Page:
July 1984: Escape artist Tim Eric is placed in chains and straitjacket at Venice Beach.
(Ellen Jaskol / Los Angeles Times)

CALIFORNIA

-- In the San Fernando Valley, police say they have arrested a 26-year-old who embarked on a shooting rampage that left four dead, beginning with his own family and ending with a stranger on a bus.

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-- New lawyers for overcharged L.A. Department of Water and Power customers say they could get an additional $50 million in refunds.

-- The red-legged frogs of the Santa Monica Mountains have always had it hard. The Woolsey fire made things much worse.

-- Why is L.A. getting so much rain in July? Understanding the summer bumper.

YOUR WEEKEND

-- The secret to picking the perfect bottle of wine might be on the back label.

-- At Mid-City’s Aduke African Cuisine, Nigerian jollof rice is among the delights.

-- You can find the best of Old Vegas in these retro places.

-- Gardening datebook: conventions about cactus, fruit trees and bewitching begonias.

HOLLYWOOD AND THE ARTS

-- How Sharon Tate transfixed Hollywood, 50 years before “Once Upon a Time ... in Hollywood.”

-- From “Mad Men” to zombie spinoffs: Columnist Mary McNamara writes that AMC has been trampled by its own revolution in TV programming.

-- “Orange Is the New Black” underscored the disruptive potential of Netflix. Its seventh and final season began Friday.

NATION-WORLD

-- In Puerto Rico, it was the calm after the storm as protesters savored Gov. Ricardo Rossello’s resignation.

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-- Epic Ponzi schemer Bernard Madoff is seeking an early release from prison after a decade behind bars. The Justice Department confirmed he filed papers asking Trump to commute the term he’s serving.

-- Anti-refugee sentiment is growing in Turkey, as the government begins to send Syrians back.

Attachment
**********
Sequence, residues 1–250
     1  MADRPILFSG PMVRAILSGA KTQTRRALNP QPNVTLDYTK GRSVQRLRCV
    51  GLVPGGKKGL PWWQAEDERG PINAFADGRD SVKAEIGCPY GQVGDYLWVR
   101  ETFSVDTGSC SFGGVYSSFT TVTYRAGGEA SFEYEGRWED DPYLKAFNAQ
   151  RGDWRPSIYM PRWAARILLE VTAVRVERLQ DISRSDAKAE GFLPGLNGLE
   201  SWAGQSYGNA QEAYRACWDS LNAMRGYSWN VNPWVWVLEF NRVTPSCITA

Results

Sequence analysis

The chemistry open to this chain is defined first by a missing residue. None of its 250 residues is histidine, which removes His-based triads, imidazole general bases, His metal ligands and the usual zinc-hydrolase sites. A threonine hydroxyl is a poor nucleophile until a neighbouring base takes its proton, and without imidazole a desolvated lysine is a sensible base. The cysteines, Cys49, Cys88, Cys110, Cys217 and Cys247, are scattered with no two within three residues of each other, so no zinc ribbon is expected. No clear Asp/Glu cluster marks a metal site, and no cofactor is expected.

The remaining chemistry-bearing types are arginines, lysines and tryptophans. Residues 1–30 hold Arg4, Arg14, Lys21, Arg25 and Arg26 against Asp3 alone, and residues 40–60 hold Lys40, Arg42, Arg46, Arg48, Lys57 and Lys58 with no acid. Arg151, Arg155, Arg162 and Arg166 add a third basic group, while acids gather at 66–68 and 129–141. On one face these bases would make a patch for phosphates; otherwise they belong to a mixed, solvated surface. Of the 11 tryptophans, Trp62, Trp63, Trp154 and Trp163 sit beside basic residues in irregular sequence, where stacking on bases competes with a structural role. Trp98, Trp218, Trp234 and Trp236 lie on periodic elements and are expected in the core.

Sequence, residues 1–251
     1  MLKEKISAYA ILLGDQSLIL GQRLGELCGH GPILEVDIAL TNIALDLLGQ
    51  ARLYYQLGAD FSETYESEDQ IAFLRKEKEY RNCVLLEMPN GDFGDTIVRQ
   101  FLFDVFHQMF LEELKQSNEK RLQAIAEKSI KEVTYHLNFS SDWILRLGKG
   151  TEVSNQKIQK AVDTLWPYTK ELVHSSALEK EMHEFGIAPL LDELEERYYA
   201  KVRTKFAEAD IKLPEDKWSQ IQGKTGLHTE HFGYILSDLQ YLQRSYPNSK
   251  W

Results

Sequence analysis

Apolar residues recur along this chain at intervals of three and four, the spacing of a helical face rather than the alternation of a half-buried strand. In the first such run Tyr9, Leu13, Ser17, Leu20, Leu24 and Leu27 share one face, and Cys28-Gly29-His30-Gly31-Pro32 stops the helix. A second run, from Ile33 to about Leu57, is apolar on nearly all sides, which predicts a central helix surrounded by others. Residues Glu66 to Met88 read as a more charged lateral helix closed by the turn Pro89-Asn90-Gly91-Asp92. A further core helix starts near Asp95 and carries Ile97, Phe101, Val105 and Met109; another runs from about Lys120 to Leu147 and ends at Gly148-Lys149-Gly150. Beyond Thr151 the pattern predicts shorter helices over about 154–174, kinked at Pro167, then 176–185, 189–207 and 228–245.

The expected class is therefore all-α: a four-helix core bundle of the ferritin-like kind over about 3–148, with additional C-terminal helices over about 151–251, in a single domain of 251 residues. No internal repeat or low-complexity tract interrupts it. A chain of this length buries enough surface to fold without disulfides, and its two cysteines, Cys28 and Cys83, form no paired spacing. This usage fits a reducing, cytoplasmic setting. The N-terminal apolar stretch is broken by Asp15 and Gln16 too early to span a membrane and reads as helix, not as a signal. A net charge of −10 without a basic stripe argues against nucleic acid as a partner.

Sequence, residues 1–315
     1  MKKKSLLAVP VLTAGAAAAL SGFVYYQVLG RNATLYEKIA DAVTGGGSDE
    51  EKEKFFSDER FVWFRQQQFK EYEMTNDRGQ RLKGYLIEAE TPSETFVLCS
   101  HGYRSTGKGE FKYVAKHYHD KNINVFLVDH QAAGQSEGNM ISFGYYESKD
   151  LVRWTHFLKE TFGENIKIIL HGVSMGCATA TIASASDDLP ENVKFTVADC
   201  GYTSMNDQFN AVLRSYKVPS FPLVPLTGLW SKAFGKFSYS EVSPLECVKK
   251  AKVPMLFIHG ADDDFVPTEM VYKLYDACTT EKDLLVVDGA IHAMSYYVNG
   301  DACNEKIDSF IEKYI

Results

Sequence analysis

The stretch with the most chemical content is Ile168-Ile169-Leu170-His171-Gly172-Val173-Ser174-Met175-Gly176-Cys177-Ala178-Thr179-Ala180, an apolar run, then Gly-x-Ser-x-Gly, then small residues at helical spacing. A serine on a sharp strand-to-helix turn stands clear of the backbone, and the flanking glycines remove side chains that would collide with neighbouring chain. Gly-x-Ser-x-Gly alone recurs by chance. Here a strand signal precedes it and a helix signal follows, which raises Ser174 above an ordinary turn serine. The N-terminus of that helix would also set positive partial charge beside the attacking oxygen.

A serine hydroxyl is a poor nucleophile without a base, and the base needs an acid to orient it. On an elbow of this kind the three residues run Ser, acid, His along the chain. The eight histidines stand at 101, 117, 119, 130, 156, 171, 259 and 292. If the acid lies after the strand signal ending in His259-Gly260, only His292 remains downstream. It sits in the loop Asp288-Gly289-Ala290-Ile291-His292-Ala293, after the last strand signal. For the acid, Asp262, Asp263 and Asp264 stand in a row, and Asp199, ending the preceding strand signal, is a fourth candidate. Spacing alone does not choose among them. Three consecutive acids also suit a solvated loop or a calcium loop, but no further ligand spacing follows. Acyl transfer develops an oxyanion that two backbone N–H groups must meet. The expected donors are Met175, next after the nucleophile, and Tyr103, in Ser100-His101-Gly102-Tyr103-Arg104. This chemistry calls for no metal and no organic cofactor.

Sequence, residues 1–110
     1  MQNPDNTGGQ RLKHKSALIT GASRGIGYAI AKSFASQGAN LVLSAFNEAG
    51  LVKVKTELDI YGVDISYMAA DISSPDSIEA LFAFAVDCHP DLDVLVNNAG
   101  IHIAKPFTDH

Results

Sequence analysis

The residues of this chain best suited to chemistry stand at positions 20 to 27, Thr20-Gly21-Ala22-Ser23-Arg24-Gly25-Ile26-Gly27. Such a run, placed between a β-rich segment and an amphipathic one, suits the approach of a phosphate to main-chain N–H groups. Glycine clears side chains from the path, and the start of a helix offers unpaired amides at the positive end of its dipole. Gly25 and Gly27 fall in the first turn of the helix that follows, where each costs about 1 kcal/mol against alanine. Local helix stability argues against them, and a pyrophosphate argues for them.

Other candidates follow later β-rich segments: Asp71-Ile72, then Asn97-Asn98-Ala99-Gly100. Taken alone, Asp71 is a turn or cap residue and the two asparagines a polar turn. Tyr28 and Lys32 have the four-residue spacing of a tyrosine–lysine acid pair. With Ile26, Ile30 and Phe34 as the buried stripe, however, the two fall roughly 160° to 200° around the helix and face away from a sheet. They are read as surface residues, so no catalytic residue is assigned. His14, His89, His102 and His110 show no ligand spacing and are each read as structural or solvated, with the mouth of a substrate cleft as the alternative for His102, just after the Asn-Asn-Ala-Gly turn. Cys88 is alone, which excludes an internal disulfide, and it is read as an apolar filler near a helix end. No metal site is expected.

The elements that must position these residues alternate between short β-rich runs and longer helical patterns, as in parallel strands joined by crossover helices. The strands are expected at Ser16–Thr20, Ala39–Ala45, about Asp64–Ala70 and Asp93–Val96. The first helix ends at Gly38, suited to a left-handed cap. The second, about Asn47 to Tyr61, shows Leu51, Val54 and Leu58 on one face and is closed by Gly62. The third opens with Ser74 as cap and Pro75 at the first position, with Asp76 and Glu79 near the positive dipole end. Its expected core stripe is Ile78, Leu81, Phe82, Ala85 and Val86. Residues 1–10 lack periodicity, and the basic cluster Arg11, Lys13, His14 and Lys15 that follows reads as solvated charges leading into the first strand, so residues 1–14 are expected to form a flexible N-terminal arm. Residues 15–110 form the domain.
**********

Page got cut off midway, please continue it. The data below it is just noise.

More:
-- Paris, London and places across Europe have been sweltering under all-time high temperatures or near-record heat. Things should cool off today.

BUSINESS

-- Columnist David Lazarus writes that Equifax endangered the privacy of millions people. It’s now hoping you won’t seek $125 in compensation. And if you’re wondering, here’s how to do it.

-- YouTube isn’t for kids. But kids videos are among its most popular, according to a new study.

SPORTS

-- The former wife of slain Clippers player Lorenzen Wright has pleaded guilty to facilitating his murder.

-- The Clippers have unveiled the first look at their proposed Inglewood arena, an 18,500-seat, billion-dollar project funded by owner Steve Ballmer.

OPINION

-- Trump’s latest immigration outrage would turn the U.S. into a “papers, please” nation.

-- Deleting the graphic suicide scene in “13 Reasons Why” won’t fix what’s wrong with the Netflix series.

WHAT OUR EDITORS ARE READING

-- Francisco Erwin Galicia, a Dallas-born U.S. citizen, spent 23 days in the custody of U.S. Customs and Border Protection because officials did not believe him. He says the conditions made him so desperate he almost opted to self-deport. (Dallas Morning News)

-- How Trump ended up in front of a presidential seal doctored to include a Russian symbol and golf clubs. (Washington Post)

-- Motion smoothing is the default setting on almost every new TV in the U.S., even though filmmakers and viewers hate it. (Vulture)

ONLY IN CALIFORNIA

It’s not easy being a Devils Hole pupfish. First, there are only about 136 of them on Earth. Second, they all live in Devils Hole (where else?), a 10-foot-wide and 25-foot-long pool. So when the magnitude 7.1 Ridgecrest quake hit about 70 miles away, it caused some wild 10-foot waves. The full-grown pupfish weren’t hurt, but it did wipe out newly laid fish eggs and the tiniest of larvae. Still, it wasn’t all bad for the pupfish. Here’s why.